Ana Marie Cox Can't Hide Her Disdain for White Guys

Did you know that white men are good for little more than making crystal meth? And that Americans are proudly belligerent and ignorant? At least according to Wonkette founder Ana Marie Cox, as expressed Friday night on "Real Time with Bill Maher" with her formulaic snark.

Cox was a guest on the show, along with GOP Rep. Duncan Hunter of California, actor Rob Lowe and left-wing journalist Matt Taibbi, and talking with them about drug decriminalization when she made the first of two gratuitous swipes, first at American men of pale skin hue, then at Americans in general. (Video, audio after the jump)

On the plus side, it was decidedly satisfying to see Hunter come across as funnier and more gracious than Cox, a longtime darling of the left --

COX: It's because they're targeting scary people, not scary drugs, right? (referring to police making drug arrests). I mean, like, if drugs were in the hands of a white person they're less scary, but if they're in the hands of a black person they're somehow scarier.

TAIBBI: Right, right. Exactly.

COX: And that's how it's always been with drug laws.

TAIBBI: Right.

COX: I mean, I think one of the reasons we're seeing a very welcome push for decriminalization and reform is because finally white guys in the Midwest, you know, the meth, uh ....

HUNTER: We're finally good for something.

COX (half-hearted laugh): ... you know, the meth epidemic (belatedly laughter from Maher and audience to Hunter's quip), you're good for making meth, yes!

MAHER (too much even for him): Oh come on.

COX: The meth epidemic and the heroin epidemic have, like, turned up in white communities and they're making people rethink this.

A few minutes later, Cox said this after Maher cited a Washington Post survey in which only one in six respondents could locate Ukraine on a map (audio) --

You have to admit that, like, belligerence and ignorance is a proud American tradition. I mean, we've had it in the White House, you know, not to long ago. (tentative laughter, applause from audience). I think, I think we are getting smarter, I do.

Belligerence and ignorance "is" a proud American tradition, you say? Imagine my relief to hear, like, you think we're, like, I mean, getting smarter.

Cox's churlish swipe at Americans as proudly ignorant made me wonder even more about the wisdom of her earlier claim that crystal meth and heroin have "turned up" in white communities and made people "rethink" drug legalization. Put another way, it wasn't until drug abuse began hurting whites that they started caring about it.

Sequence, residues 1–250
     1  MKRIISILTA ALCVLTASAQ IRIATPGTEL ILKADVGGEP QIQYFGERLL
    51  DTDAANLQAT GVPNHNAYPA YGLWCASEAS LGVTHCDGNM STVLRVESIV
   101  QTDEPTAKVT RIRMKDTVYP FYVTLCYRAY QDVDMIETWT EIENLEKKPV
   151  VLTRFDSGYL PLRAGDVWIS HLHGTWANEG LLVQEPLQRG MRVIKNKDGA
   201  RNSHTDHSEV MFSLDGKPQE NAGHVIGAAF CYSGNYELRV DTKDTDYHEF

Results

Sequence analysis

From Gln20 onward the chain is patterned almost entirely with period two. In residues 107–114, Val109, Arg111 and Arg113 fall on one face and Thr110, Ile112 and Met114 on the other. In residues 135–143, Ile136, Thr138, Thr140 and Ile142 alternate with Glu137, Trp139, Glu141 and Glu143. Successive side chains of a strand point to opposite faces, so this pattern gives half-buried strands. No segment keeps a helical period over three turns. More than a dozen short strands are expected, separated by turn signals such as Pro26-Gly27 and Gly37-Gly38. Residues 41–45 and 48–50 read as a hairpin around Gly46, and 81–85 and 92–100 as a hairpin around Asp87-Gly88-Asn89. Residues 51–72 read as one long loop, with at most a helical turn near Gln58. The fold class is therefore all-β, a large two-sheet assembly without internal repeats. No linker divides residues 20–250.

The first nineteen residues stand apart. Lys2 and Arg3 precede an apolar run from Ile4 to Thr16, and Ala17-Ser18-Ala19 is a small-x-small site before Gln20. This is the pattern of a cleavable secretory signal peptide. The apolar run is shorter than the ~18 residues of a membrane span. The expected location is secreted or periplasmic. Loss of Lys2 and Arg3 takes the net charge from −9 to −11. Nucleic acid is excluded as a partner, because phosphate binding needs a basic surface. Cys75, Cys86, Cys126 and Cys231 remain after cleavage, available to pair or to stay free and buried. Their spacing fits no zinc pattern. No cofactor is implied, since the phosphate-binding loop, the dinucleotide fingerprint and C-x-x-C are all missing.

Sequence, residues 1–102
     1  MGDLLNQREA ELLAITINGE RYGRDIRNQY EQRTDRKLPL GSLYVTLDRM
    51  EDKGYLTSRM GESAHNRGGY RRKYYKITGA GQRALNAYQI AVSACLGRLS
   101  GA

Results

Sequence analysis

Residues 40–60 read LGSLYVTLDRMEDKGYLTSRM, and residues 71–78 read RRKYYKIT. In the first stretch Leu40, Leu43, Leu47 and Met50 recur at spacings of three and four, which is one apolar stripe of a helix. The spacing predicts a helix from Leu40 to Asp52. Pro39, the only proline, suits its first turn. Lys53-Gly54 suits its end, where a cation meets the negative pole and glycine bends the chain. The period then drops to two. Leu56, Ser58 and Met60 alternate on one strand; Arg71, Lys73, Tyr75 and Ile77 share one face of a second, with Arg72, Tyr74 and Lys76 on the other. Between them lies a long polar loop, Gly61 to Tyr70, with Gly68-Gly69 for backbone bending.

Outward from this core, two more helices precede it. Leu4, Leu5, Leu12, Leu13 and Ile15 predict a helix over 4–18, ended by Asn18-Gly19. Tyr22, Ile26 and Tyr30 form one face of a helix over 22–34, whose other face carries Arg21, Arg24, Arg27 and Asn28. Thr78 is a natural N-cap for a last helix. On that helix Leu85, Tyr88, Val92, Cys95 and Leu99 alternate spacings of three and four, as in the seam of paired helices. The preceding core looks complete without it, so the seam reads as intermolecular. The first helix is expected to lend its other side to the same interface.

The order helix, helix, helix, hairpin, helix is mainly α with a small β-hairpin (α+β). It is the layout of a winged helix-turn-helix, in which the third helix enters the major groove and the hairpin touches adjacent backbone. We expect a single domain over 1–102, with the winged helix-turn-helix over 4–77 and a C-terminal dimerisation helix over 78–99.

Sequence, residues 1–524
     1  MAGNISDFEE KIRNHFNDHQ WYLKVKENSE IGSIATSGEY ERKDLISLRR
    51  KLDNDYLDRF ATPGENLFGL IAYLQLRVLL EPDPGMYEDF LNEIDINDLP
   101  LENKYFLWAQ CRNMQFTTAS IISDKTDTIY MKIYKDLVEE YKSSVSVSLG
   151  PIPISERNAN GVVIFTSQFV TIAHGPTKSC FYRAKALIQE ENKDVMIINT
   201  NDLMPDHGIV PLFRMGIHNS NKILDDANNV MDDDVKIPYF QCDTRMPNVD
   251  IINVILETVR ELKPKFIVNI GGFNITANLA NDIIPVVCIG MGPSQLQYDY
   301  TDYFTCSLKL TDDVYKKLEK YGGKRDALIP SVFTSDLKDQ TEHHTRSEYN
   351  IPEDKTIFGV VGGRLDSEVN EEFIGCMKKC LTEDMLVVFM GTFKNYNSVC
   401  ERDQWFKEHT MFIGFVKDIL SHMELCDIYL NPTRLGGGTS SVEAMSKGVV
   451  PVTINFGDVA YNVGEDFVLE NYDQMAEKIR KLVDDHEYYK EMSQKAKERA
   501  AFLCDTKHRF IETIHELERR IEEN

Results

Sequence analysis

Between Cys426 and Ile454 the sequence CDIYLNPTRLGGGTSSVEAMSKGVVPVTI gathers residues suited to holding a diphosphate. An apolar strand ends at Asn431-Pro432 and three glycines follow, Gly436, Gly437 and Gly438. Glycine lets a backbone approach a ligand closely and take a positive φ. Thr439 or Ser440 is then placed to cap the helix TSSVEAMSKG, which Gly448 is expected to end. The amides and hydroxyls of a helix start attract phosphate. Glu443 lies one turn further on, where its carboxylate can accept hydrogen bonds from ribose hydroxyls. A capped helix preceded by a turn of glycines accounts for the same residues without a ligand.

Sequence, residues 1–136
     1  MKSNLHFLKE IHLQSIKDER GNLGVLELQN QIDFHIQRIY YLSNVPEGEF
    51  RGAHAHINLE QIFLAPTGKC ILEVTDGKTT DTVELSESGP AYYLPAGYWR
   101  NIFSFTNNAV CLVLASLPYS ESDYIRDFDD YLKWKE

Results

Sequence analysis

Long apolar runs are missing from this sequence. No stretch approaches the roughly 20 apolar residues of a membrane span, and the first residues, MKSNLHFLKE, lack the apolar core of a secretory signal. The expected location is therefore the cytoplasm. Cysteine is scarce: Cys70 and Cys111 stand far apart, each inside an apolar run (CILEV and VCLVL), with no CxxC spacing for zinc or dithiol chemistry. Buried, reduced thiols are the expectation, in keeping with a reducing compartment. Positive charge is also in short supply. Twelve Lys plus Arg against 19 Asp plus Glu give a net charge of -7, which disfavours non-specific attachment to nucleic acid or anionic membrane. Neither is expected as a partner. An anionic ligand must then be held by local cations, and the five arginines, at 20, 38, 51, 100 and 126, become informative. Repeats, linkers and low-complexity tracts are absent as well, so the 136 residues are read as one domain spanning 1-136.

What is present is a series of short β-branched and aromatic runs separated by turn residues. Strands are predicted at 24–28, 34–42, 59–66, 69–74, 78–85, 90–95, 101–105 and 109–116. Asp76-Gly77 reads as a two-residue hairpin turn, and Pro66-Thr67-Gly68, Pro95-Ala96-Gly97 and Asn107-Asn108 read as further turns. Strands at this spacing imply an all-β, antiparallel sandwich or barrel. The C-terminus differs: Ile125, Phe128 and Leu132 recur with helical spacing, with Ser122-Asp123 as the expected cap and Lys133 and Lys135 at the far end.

But if that were true, wouldn't evidence of this appear in the federal government's National Survey on Drug Use and Health, a massive annual collection of data involving 70,000 respondents? Cox's claim falls apart when you look at the most recent NSDUH, which covers the decade from 2002 to 2012.

In that time frame, "illicit drug use among persons aged 12 or older" for blacks in the preceding month rose from 9.7 to 11.3 percent. While this is less than two percentage points, it is much larger in percentage terms -- 16.4 percent.

Among whites in the same period, illicit drug use increased from 8.5 to 9.2 percent -- .7 percentage point, an 8.2 overall increase, exactly half that as seen among blacks.

Among Hispanics, the pattern was comparable to that for blacks -- 7.2 to 8.3 percent, or 15.3 higher in percentage terms. For Asians, the increase was much smaller, 3.5 to 3.7 percent (5.7 percent higher).

That a widespread perception exists of drug use spiking among white Americans is probably true, fueled by the recent overdose deaths of white celebrities (Corey Monteith, Philip Seymour Hoffman) and popularity of cable shows such as "Breaking Bad" (with its anti-hero protagonist literally named White).  But perception does not yet equal reality, and anyone who professes scorn for ignorance shouldn't confuse the two.

Jack Coleman
Liberated ex-liberal from the People's Republic of Massachusetts